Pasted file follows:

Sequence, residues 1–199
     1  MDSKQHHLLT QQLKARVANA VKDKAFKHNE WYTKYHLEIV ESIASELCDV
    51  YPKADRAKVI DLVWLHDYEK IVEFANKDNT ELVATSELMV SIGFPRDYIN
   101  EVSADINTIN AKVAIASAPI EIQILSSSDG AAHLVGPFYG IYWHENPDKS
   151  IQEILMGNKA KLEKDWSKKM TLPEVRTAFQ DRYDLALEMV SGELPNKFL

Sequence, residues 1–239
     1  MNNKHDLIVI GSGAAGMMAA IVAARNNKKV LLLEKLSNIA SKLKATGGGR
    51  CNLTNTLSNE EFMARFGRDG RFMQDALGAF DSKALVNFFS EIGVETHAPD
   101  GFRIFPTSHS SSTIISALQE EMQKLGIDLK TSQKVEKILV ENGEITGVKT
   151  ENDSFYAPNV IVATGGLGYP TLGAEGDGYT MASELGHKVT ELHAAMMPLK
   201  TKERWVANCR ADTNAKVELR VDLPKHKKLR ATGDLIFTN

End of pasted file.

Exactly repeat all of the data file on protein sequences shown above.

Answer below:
Sequence, residues 1–199
     1  MDSKQHHLLT QQLKARVANA VKDKAFKHNE WYTKYHLEIV ESIASELCDV
    51  YPKADRAKVI DLVWLHDYEK IVEFANKDNT ELVATSELMV SIGFPRDYIN
   101  EVSADINTIN AKVAIASAPI EIQILSSSDG AAHLVGPFYG IYWHENPDKS
   151  IQEILMGNKA KLEKDWSKKM TLPEVRTAFQ DRYDLALEMV SGELPNKFL

Sequence, residues 1–239
     1  MNNKHDLIVI GSGAAGMMAA IVAARNNKKV LLLEKLSNIA SKLKATGGGR
    51  CNLTNTLSNE EFMARFGRDG RFMQDALGAF DSKALVNFFS EIGVETHAPD
   101  GFRIFPTSHS SSTIISALQE EMQKLGIDLK TSQKVEKILV ENGEITGVKT
   151  ENDSFYAPNV IVATGGLGYP TLGAEGDGYT MASELGHKVT ELHAAMMPLK
   201  TKERWVANCR ADTNAKVELR VDLPKHKKLR ATGDLIFTN